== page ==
Presentation on theme: "The Motives for British Colonization Religious Freedom, Economic Opportunity."— Presentation transcript:
The Motives for British Colonization Religious Freedom, Economic Opportunity
The Protestant Reformation HENRY VIII ( ) initiated the Protestant Reformation in England for dynastic, rather than religious, reasons. As a young man, he had been such a faithful member of the Roman Catholic Church that he had earned the title DEFENDER OF THE FAITH.
The Break with Rome Henry broke with Rome because his wife Catherine of Aragon was unable to produce a male heir and the Church would not allow him to divorce her.
Marriage to Anne Boleyn Intent on continuing the Tudor line established by his father, he had Parliament declare him the SUPREME HEAD OF THE CHURCH IN ENGLAND, divorced Catherine, and married Anne Boleyn.
Conservative in Religious Beliefs Nevertheless, he remained decidedly conservative in his religious beliefs and allowed few other changes in dogma or liturgy.
The Six Wives of Henry VIII Before his death in 1537, after six wives (divorced, beheaded, died, divorced, beheaded, survived), Henry had produced THREE HEIRS to the throne of England, but only one was male: Mary, the daughter of Catherine of Aragon (Henry’s first wife), remained a staunch Roman Catholic. Elizabeth, the daughter of Anne Boleyn (his second wife), was a moderate Protestant. Edward, the son of Jane Seymour (his third wife), was a minor and dominated by radical Protestants.
Edward VI EDWARD VI ( ) was the male heir that Henry VIII had sought. However, he came to the throne as a child of nine and was sickly. His advisors, staunch Protestants, advanced the PROTESTANT cause in England. He died at the age of fifteen.
Mary I MARY I ( ) succeeded her half brother to the throne in A pious CATHOLIC, she tried to reestablish Roman Catholicism in England. This sent many Englishmen into exile, rebellion, or to their deaths.
Elizabeth I ELIZABETH I ( ) assumed the throne after her half-sister’s death in She worked out a religious COMPROMISE with some elements of the reform movement (e.g., the Book of Common Prayer) but the basic structure and liturgy of Catholicism (i.e., a hierarchy of church officials, the seven sacraments, various church ceremonies and rituals) remained the same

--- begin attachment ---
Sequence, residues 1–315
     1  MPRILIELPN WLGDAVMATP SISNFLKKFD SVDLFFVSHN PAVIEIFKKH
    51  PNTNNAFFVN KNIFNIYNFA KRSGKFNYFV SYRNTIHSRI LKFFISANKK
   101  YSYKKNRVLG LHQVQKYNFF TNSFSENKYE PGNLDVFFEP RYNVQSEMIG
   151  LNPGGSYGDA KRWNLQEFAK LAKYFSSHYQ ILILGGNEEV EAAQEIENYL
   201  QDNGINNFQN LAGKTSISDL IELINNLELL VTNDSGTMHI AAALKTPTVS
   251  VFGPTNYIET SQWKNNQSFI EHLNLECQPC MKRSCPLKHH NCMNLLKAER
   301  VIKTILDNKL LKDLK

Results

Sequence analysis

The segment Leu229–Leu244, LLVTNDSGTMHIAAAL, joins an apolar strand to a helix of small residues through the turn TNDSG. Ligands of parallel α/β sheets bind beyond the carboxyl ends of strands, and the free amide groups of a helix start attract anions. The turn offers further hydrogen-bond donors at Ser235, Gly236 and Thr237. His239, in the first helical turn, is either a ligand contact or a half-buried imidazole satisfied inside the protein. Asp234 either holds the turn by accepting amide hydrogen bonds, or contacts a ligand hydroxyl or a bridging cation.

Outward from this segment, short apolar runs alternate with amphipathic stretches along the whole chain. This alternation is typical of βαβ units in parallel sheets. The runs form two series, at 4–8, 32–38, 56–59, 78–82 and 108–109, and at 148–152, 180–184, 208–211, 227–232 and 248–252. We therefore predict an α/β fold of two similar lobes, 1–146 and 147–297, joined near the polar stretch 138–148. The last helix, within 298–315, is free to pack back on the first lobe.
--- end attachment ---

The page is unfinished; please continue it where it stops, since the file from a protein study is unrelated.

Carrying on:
Puritans Compromise was satisfactory to most people in England, but there were DISSENTERS: faithful CATHOLICS and reformers known as PURITANS, who had been exposed to Calvinist ideas while in exile and could not accept the remnants of Catholicism. Dissenters represented a threat to unity and were severely PERSECUTED. Many sought refuge in the New World
Economic Developments The TRANSITION from an agriculturally-based feudal economy to a diversified (agriculture, industry, commerce) capitalist economy created opportunities for many, but it also created economic hardship.
Money-Based Economy As a MONEY-BASED ECONOMY became more important, the feudal structure started to break down. Lords, eager to increase their resources, allowed their vassals to pay fees in lieu of performing military services. Peasants were allowed to buy their freedom and engage in independent enterprises. The importance of agriculture declined.
The Enclosure Movement As the MIDDLE CLASS grew in importance, wool (used in the production of fine clothing) became increasingly valuable. Many lords converted their lands from agriculture to sheep raising. This development, known as the ENCLOSURE MOVEMENT, meant that serfs were thrown off the land.
Cloth-Making WOOL became an important industry and one of England’s most valuable exports. In addition to sheep-raising, many entrepreneurs went into the cloth making business. This industry created jobs for many peasants, but it was highly competitive and entrepreneurs who were forced out of business left large numbers of unemployed workers.
Foreign Commerce The wool industry stimulated FOREIGN COMMERCE. Entrepreneurs began to carry exports in English-owned ships. However, foreign trade was an extremely risky business and many lost their fortunes attempting to enter the field.
Opportunities in New World Many Englishmen were motivated to seek greater OPPORTUNITIES in the New World: Second sons of noblemen (excluded from an inheritance by the law of primogeniture) sought to make their fortunes in the New World. Members of the middle class (merchants, shopkeepers, doctors, lawyers) hoped there would be less competition in the New World. Peasants thrown off the land or left unemployed by the wool industry sought a way to make a living in the New World.